An English gentleman and naturalist, Charles Robert Darwin (1809-1882). The man who transformed our understanding of the natural world with his revolutionary ideas. A man who fought against the Anglican church so his theory may be heard. Evolution by natural selection – that all species of life had descended over time from common ancestors. History has vindicated him, and he is now celebrated as one of the greatest and most innovative scientists who ever lived.
Charles Darwin was born on the 12th February 1809 in Shrewsbury, Shropshire, England. As a child he was described as a keen explorer of all living things. Even then fascinated with how each species became, what each living thing was and where they come from.
As Darwin was growing up, he became more focused on being able to answer these questions. He delved into various nature books, devoting a lot of his time into further exploring the fields which surrounded his home, collecting plants and insects.
It was then Darwin took his first steps into the study of theology. He attended Cambridge University and graduated four years later. Darwin was not in a hurry to run to Holy order though, and set off on a journey that was to change his life, and the world of science.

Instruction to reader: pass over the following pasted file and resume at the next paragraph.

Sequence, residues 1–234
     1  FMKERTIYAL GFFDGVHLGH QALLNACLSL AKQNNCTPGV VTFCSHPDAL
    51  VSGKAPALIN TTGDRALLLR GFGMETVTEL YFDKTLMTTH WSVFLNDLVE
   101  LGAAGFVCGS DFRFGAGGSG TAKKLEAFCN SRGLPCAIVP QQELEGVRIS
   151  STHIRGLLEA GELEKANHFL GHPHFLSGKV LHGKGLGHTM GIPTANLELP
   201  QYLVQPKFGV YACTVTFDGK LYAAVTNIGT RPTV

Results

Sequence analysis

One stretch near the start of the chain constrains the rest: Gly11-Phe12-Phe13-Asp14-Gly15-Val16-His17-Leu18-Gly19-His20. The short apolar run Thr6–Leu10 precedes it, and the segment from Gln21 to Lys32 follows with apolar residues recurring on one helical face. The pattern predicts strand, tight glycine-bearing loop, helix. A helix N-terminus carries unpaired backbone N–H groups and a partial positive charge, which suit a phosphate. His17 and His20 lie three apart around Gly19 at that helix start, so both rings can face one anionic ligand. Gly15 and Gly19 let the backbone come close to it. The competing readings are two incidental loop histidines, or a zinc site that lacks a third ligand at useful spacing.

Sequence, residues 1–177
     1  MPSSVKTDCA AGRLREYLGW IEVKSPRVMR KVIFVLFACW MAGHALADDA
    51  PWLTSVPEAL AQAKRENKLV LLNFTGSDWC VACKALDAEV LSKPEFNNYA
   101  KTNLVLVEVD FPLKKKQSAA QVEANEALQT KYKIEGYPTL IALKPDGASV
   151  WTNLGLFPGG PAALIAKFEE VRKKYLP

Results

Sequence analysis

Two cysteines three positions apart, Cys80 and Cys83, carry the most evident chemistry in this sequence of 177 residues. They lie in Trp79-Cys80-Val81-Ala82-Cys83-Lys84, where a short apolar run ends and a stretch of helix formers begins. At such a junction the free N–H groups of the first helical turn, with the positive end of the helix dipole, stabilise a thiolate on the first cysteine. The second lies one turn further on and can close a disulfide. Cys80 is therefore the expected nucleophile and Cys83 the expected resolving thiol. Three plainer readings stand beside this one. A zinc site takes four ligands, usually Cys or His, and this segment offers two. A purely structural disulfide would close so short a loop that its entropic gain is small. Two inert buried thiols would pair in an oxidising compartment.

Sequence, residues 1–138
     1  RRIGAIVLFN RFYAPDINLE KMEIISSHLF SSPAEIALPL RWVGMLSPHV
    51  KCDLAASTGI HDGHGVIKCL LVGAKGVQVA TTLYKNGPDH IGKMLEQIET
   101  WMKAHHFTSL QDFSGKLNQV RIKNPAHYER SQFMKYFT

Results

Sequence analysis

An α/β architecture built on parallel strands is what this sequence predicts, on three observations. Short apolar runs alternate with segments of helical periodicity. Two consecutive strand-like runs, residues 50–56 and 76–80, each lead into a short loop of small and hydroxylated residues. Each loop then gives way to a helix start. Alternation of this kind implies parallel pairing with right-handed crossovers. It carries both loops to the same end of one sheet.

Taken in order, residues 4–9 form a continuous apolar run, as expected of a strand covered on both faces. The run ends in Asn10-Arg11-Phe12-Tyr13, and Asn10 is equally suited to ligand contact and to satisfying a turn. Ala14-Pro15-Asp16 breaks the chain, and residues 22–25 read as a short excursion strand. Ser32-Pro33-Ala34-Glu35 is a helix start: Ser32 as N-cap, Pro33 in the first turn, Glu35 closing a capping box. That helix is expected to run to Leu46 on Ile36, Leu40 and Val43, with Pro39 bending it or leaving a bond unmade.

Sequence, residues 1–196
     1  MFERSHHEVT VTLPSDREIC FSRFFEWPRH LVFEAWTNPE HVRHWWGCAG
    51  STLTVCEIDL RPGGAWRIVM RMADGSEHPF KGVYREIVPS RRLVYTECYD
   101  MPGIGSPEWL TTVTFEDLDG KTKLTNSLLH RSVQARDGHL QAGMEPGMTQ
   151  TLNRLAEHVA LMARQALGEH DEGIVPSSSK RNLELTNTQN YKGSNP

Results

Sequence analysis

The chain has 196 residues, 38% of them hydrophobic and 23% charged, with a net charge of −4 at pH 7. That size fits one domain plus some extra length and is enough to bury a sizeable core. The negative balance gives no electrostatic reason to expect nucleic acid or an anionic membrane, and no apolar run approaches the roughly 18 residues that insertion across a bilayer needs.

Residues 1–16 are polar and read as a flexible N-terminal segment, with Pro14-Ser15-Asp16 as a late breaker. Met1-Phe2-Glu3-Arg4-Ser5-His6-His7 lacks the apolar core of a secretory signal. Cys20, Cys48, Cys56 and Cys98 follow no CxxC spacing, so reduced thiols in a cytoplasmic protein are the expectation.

The journey was to last for five years, voyaging on HMS Beagle. It was 1836 when Darwin returned to London to start work on his collection of specimens.
Darwin had collected some finches from the Galápagos Islands, which had helped him formulate his idea. While some had stout beaks for eating seeds, others were insect specialists. Darwin realised they were descendents of one single ancestor. As they dispersed to different islands, the birds adapted to eat the various foods available. Natural selection had produced 13 different species.
Darwin knew his ideas about natural selection wouldn’t be accepted so easily. He delayed publishing his theory for 15 years. Un-confident at that time, faced against a powerful opposition, he built up a large amount of supporting evidence to back his theory. He also sought advice from Cambridge professors, pig breeders and pigeon fanciers.
It wasn’t until a letter arrived at Darwin’s home in 1858, that he was ready to fight for his theory and get it published. A young naturalist, Alfred Russel Wallace, wrote to Darwin in support of his theory. Wallace provided his own idea’s in relation to Darwin’s theory. Darwin, scrupulously honest, volunteered to send Wallace’s ideas to a journal for immediate publication. However, his friends advised that the fairest solution would be a joint announcement.